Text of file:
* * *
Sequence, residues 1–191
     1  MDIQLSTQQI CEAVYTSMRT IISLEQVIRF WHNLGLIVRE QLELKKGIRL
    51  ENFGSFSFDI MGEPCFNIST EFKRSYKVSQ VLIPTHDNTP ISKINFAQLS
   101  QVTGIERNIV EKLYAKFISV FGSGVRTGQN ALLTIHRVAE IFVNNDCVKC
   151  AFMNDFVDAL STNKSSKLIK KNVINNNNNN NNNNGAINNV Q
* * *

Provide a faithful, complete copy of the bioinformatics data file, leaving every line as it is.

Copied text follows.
Sequence, residues 1–191
     1  MDIQLSTQQI CEAVYTSMRT IISLEQVIRF WHNLGLIVRE QLELKKGIRL
    51  ENFGSFSFDI MGEPCFNIST EFKRSYKVSQ VLIPTHDNTP ISKINFAQLS
   101  QVTGIERNIV EKLYAKFISV FGSGVRTGQN ALLTIHRVAE IFVNNDCVKC
   151  AFMNDFVDAL STNKSSKLIK KNVINNNNNN NNNNGAINNV Q